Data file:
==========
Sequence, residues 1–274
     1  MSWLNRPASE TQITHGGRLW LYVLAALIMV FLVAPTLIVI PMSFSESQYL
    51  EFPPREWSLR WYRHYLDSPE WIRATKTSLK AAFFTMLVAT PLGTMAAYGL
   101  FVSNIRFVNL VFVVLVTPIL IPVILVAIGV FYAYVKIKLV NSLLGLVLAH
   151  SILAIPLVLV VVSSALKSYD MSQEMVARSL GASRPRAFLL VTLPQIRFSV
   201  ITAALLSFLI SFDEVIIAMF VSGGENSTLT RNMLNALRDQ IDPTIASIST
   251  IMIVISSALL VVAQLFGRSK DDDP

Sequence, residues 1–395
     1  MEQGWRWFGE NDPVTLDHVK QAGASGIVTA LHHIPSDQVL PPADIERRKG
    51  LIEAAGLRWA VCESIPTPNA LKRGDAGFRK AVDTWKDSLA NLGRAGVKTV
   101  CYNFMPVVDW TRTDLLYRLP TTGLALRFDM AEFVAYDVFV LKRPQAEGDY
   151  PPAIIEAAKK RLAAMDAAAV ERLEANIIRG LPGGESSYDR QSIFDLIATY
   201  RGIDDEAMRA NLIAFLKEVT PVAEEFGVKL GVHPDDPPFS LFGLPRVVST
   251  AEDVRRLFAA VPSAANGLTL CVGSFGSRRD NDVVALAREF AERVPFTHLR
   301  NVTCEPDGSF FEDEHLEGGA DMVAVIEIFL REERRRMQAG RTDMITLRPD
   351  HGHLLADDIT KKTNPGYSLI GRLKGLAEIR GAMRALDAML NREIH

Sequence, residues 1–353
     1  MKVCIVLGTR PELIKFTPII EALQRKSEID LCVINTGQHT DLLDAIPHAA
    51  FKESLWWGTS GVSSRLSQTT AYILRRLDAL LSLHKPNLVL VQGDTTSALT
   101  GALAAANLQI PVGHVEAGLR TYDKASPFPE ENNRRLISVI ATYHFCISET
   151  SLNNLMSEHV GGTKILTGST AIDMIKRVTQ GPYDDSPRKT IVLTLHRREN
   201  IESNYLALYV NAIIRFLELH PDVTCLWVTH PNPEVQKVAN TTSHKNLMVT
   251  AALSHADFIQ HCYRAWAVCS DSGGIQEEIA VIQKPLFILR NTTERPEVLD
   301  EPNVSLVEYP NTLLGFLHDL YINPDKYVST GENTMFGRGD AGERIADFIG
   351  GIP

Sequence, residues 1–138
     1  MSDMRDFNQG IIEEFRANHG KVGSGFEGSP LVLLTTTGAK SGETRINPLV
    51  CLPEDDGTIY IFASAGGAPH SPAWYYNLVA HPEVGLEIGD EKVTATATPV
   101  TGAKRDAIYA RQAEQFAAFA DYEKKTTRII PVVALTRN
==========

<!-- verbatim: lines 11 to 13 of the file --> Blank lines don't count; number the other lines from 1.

   101  CYNFMPVVDW TRTDLLYRLP TTGLALRFDM AEFVAYDVFV LKRPQAEGDY
   151  PPAIIEAAKK RLAAMDAAAV ERLEANIIRG LPGGESSYDR QSIFDLIATY
   201  RGIDDEAMRA NLIAFLKEVT PVAEEFGVKL GVHPDDPPFS LFGLPRVVST